Looks like I’m managing a post every two days rather than daily, but hey it’s regular.
I wasn’t really sure what to post today, then my mind harked back to a talk I was having with Lindsay last night. Lindsay is Sean’s flatmate (Sean’s one of the talented writers churning out reviews and so forth on the Moshville Times *plug plug*) and we were having one of those random conversations that flows like a ball down a Pachinko machine. You just never quite know where it’s going to end up.
I think we were talking about the differences between countries, and one that always sticks out for me is India / Bangladesh. The former a country that’s predominantly Hindu (with a large smattering of other religions), the latter a Muslim nation. Both countries share a border and the difference when you cross that border is almost immediately tangible.
India is – to steal the tagline from their tourist advertising – incredible. It’s also an unusual country in that I hated it when I was there, but longed to go back once I left. It’s a tough experience to visit, especially on a budget, but ultimately the rewards are worth it.
Bangladesh is every bit as impoverished as the worst parts of India, there aren’t so many impressive sites (it’s a smaller country, for a start), but the feeling I got when I was there was much warmer; more welcoming. In fact, I would go as far as to say that I felt safer walking the streets in Bangladesh – even late at night – than in almost any other country I have visited. I even include my home nation in there.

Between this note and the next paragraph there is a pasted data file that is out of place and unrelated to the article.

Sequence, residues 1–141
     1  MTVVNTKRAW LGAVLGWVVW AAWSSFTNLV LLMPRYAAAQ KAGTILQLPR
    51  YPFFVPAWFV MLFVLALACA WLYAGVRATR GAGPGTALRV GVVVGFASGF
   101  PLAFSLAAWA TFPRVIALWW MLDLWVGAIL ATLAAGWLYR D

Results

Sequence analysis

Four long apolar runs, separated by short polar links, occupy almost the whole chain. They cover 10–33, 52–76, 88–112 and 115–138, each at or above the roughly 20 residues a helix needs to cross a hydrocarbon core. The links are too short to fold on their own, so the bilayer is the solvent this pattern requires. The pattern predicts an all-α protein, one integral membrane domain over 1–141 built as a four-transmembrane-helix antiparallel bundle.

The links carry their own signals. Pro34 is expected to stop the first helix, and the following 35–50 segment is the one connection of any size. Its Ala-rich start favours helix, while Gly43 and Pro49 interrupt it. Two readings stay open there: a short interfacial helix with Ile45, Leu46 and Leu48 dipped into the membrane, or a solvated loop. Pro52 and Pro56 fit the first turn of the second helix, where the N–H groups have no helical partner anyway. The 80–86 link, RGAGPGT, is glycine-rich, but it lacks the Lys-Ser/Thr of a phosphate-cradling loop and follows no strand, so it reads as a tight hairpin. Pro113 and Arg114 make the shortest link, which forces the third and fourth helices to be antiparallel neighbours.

And that brings me to the sideways jump in topic. Bangladesh is a Muslim country. The people there follow their beliefs in a faithful and well-intended manner. They look after their poor (reducing begging on the street), and welcome visitors to their nation. Nobody tried to rob or cheat us in our time there. Very much the opposite in fact.
Yet the knee-jerk reaction to the word “Muslim” from so many people, whole nations in fact, is to think of those events in 2001, videos of beheadings on the internet, attacks on magazine offices in Paris… all the actions of a tiny minority of extremists.
While I’m no fan of religion, this kind of treatment also extends to the Catholic church. A billion or so members worldwide and the entire religion is tarred by the vile brush wielded by a tiny number of priests and nuns who have abused children -and the small number of people further up in the organisation who helped cover it up for so long. What about the 999,999,000 other people who would agree that this is reprehensible and who you’d happily have round for dinner and babysit your own children?
Is it fair to judge a person purely on the company they keep; if they share the beliefs of another individual who does something reprehensible yet otherwise unrelated? I love heavy metal. Does that mean I’m as evil as Varg Vikernes who murdered one of his friends and burned churches down? It seems to have taken us nigh on seventy years to stop blaming every single German for WWII.
People should be judged on who they are and what they do. Not on the actions of other individuals with whom they happen to share a belief, a skin colour or a nationality.